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#6 You’re a hero!

Your initial guided “walk-through” will cover fairly mundane stuff (life vests, tool box, GPS, dinghy, water, etc…), but there are certain areas (including the intricacies of operating the generator, A.C., water-maker, fuel transfer, etc..) that you’ll need to actually grasp. With everyone giddy to shove off, the tendency is to just nod and say “got it.” Problem is, the generator only coughs in the middle of the night and the A.C. only sweats when you’re on your 3rd Painkiller. It’s been 4 days since your tutorial and you can’t even remember where they said the manuals are stored.

Do this: Get your wingman (or woman) to iPhone video record your initial walk-through. Be sure your videographer zooms in for a close-up while you pompously nod and say “got it.”


 

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#7  Your boat’s not gonna rock.

The chances of you boarding a charter boat that has a fully functional stereo system is on par with the pending success of your modeling career.

Do this: Pack a small Bose boombox.

 


 

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#8  It’s okay to feed the Pelican.

You’ll be gangly stepping off of a rolling boat and into a bobbing inflatable dinghy. You’ll come and go this way at least twice daily…and at least once while inebriated.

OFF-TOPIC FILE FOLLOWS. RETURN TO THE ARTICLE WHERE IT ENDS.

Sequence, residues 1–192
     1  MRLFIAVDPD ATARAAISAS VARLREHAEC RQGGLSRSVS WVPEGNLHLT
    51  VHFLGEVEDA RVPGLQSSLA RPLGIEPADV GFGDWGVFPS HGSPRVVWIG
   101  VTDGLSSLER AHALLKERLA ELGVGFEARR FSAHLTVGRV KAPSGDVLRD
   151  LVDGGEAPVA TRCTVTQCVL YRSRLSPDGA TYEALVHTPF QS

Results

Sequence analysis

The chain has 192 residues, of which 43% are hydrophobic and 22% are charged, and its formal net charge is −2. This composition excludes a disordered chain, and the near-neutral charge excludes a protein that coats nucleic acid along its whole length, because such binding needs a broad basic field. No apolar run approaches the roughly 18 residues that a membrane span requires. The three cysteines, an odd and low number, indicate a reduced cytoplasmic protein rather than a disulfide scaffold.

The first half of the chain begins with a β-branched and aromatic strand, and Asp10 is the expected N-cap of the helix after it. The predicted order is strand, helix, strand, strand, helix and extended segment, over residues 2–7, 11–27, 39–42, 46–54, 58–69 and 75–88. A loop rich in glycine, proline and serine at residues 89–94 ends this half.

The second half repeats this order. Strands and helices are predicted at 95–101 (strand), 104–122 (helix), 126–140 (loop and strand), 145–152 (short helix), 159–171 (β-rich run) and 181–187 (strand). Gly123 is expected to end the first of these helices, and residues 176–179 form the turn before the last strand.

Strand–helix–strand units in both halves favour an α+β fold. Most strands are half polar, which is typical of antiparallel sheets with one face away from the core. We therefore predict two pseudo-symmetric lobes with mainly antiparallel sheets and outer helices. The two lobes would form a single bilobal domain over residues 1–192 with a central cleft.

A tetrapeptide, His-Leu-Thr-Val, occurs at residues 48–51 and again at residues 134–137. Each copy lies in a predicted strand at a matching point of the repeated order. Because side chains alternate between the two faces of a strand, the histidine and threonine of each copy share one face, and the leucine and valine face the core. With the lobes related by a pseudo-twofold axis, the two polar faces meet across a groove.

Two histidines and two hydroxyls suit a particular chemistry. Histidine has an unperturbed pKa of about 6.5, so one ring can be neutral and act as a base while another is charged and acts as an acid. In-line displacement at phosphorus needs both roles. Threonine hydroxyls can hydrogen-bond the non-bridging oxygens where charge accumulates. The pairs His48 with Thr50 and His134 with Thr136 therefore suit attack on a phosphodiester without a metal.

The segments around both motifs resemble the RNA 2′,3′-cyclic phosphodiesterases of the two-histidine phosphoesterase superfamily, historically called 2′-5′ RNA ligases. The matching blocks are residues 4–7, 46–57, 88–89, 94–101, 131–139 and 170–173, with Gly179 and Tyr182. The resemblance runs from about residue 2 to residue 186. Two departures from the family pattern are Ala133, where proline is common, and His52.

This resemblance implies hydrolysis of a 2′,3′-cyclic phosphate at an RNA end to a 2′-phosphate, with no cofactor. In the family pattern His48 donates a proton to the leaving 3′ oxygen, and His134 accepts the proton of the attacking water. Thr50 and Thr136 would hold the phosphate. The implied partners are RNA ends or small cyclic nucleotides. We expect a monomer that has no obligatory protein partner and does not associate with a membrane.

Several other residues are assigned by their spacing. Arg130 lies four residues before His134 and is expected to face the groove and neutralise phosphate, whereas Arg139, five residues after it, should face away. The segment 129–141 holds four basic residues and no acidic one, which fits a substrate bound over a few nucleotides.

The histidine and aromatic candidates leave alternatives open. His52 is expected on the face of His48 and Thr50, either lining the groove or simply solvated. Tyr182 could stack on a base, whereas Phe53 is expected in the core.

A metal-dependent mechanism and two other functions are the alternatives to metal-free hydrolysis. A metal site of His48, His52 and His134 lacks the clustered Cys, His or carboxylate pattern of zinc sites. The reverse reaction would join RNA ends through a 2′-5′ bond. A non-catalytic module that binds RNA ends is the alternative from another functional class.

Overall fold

Do this: Pack a small Pelican case for phones, wallets and valuables. This case will double as your document box (passports & boat info) when you clear in and out of Customs/Immigration.

 


 

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#9  Pack some Lifesavers.

If you’ve got young children, chances are slim the charter company will have life- vests that’ll fit them comfortably. Chances are slimmer still that they’ll have two or more on hand. I once purchased one in Antigua, where the saleslady looked me squarely in the eye and charged me $140.

Do this: Teach your kids the “3-point rule” weeks before your charter…and pack comfortable life-jackets for any kids in your crew.

 


 

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# 10 Safety first.

Your boat comes replete with clean linens and towels. Problem is: The towels all look the same and not everyone tends to his/her ownership during the voyage. Carefully hanging your towel out to dry is the same as placing a placard on it that reads: “Just grab this one!”

Do this: Pack some colored safety pins and assign colors to crew..affix to respective towels.

 


 

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#11 Skip Lunch.

When you’re provisioning your boat with groceries for the week, you’ll be tempted to stock up on sandwich bread, hot-dogs, deli meat, PBJ and the usual suspects in the condiment department. Go easy on this stuff…you’ll just leave it behind at trip’s end. Double up on your snacks and apps instead. 

Do this: Mid-day is about the time you’ve reached your destination and decided to go ashore to check things out. You’ll be hard pressed to find someone in your crew willing to forego an inviting restaurant (replete with icy rum concoctions)…in lieu of piling back into the dinghy and returning to the boat to fix sandwiches for all aboard. Just fork over your wallet and think of all the money you saved by not buying that extra loaf of bread. 

 


 

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#12 Booty call

You’re traveling; you’ll want to look the part…a bit swanky, maybe.

Don’t: There’s no upside to a diamond display; conversely, there’s plenty of downside opportunity for lost, stolen or damage to your precious metals.

Toe rings are cool, though.